Deep down, I hope traditional TV hangs in there in some way, shape, or form. I’m too old-fashioned to let it go. :)

  3. Jill Tooley

    YouTube has a long way to go if they want to beat established competitors in this market, but I think they’re ambitious and well-known enough to propel themselves into the running. As you mentioned, people visit YouTube anywhere, anytime, and that has to count for something. It’s a known brand name, it’s easy to use, and it’s widely accessible on electronic devices. They have a chance, but they’re going to have to double their efforts to catch up.

    YouTube could certainly do something to compete, especially in the realm of original content. I did have one crazy idea while I was reading this post… (Now, I’m a bit of a dreamer, so this idea may not even be feasible, but hear me out). It would be interesting if YouTube held some sort of contest that invited participants to create their own pilots based on show ideas they may have. This way, YouTube could spark all sorts of interest in their site, they could involve users and generate interest in this initiative, and they could get a bunch of free ideas for original shows. Then, the pilot with the most views could get picked up by YouTube and have a chance to get more episodes made. That would be kind of cool! :)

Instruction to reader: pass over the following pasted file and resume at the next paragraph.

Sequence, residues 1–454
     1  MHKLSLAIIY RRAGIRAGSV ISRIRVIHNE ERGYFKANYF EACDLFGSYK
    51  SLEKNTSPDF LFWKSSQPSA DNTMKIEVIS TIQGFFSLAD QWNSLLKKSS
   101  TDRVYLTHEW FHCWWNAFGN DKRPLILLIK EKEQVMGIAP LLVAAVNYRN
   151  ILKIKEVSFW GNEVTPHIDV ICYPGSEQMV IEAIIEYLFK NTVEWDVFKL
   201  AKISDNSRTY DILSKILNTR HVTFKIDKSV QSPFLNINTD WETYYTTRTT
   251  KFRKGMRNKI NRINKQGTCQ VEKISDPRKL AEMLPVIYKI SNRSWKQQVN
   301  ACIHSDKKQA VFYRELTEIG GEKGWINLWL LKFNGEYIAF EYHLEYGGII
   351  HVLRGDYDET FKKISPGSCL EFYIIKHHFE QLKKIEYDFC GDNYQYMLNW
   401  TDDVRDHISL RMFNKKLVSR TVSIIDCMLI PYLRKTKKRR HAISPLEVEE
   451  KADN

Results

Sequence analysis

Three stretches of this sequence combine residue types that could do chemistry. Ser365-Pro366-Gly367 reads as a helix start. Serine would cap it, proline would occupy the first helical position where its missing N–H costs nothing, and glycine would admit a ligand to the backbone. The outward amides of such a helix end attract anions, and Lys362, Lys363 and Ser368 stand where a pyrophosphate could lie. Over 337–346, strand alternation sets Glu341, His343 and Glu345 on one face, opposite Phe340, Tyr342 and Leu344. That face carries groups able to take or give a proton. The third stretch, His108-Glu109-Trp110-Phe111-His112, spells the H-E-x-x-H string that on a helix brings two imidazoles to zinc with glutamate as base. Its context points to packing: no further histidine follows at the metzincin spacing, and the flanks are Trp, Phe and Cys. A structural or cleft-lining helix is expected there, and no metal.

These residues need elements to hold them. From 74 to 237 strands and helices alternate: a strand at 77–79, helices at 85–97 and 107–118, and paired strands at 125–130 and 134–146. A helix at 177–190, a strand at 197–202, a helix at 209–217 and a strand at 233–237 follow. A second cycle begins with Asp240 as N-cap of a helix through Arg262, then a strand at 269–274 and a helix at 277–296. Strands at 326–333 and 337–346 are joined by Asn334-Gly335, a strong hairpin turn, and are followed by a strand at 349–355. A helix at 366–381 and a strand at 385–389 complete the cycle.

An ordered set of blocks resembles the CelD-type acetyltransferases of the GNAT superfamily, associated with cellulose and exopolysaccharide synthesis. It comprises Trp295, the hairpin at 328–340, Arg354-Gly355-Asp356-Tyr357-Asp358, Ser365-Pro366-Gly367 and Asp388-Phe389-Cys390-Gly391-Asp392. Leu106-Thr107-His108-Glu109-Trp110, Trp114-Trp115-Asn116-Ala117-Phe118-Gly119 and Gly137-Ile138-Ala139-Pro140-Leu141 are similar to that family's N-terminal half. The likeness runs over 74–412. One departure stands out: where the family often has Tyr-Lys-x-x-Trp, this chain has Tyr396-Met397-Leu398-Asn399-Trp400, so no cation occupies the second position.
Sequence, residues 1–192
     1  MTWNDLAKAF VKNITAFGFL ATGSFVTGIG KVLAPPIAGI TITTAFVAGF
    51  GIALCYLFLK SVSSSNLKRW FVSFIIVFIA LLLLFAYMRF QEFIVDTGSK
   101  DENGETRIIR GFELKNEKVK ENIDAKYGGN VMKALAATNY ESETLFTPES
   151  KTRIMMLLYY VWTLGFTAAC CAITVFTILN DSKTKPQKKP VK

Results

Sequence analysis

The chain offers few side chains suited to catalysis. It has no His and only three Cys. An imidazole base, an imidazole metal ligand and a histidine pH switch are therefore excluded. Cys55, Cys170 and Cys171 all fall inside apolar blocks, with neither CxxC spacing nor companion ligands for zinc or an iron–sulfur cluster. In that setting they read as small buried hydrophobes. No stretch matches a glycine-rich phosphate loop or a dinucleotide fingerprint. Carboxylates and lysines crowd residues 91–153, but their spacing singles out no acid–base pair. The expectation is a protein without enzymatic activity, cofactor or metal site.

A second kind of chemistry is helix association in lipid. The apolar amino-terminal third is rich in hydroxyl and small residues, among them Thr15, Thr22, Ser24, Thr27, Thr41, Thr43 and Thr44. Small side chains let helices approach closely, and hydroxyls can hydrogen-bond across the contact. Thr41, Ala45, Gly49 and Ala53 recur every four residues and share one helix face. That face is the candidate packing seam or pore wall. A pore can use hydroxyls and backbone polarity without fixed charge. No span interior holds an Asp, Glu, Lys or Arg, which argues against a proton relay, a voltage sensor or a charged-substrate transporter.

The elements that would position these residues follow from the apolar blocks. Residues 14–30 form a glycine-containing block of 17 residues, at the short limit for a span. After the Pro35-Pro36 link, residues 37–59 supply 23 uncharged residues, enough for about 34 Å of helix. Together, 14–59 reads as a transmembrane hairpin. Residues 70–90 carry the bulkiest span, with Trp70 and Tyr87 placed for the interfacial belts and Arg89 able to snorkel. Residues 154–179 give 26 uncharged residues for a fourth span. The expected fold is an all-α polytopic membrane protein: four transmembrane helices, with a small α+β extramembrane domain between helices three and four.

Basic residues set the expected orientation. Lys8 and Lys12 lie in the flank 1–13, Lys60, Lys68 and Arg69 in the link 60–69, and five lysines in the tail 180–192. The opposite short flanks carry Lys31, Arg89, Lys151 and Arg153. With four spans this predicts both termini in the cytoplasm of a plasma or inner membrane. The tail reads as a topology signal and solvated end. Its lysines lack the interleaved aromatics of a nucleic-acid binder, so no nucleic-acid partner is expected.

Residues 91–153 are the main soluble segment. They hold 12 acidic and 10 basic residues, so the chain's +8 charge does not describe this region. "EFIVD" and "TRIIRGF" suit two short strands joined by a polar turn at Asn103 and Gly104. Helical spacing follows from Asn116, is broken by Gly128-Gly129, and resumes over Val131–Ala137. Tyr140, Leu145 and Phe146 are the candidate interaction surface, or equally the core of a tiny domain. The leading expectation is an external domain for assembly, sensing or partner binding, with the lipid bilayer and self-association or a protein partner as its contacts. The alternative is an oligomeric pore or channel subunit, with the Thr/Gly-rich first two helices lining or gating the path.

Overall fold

• Jill Tooley

      Actually, now that I’ve looked into it further, it looks like they’re already doing something similar for popular YouTubers: http://youtube-global.blogspot.com/2011/05/introducing-stars-of-future-on-youtube.html

      I don’t know whether or not they’ll use these up-and-comers for any original series, but it could be possible! :) Nice, I learned a lot today…

    • Joseph Giorgi

      Very true. YouTube will have to boost its efforts to compete with the likes of Apple, Amazon, Netflix, Hulu, and others. But with 3,000 new Hollywood titles added to their catalog, it looks like they’re ready to take video seriously. They now offer a number of streaming movies that their competitors don’t (albeit on a pay-per-view basis), and I’m actually planning on watching a couple of them sooner or later. So, hopefully it’s just as hassle-free as Netflix and Hulu.

      I was about to comment on your idea, but then I realized that you already commented again on it. Yeah, YouTube is making a proactive effort to invest in the careers of the creators of popular channels—which is pretty cool.

  4. LK

    I WISH my coffee maker could stream YouTube! It would be much more enjoyable if I could watch some funny cat videos (or listen to the Friday song) while waiting for my coffee.